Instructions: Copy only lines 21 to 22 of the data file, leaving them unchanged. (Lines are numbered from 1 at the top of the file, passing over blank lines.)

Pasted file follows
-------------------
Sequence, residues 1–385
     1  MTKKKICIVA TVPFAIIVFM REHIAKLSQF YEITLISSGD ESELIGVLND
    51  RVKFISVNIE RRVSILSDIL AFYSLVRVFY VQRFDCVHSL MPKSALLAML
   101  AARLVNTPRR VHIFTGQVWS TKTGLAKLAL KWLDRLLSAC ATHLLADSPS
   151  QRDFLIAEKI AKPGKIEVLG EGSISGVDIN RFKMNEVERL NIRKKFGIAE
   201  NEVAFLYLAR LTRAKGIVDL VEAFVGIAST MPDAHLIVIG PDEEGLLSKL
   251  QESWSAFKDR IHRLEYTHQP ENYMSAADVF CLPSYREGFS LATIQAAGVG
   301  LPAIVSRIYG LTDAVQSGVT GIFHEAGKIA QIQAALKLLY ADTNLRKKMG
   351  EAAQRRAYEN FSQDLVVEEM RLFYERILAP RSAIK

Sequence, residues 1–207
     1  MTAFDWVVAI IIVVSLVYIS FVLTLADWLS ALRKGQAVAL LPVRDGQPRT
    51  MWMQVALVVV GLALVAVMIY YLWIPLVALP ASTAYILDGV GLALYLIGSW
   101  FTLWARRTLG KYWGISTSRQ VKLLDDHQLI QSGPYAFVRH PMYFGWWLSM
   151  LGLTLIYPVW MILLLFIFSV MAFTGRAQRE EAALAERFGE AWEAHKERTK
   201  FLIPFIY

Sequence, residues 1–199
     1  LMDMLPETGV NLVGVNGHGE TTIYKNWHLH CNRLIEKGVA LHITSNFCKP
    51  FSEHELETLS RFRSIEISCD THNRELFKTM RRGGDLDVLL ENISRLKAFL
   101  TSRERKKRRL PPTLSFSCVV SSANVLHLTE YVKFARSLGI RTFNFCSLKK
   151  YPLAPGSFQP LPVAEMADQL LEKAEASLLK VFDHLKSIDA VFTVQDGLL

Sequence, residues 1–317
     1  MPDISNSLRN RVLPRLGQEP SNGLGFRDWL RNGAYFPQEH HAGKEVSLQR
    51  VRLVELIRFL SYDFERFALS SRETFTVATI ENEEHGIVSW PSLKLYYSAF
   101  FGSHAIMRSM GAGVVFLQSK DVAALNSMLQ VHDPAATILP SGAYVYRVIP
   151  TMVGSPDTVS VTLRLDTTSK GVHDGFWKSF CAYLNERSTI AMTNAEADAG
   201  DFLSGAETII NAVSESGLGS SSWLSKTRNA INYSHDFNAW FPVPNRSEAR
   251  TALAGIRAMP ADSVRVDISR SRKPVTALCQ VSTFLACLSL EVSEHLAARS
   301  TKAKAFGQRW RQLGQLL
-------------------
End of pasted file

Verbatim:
Sequence, residues 1–317
     1  MPDISNSLRN RVLPRLGQEP SNGLGFRDWL RNGAYFPQEH HAGKEVSLQR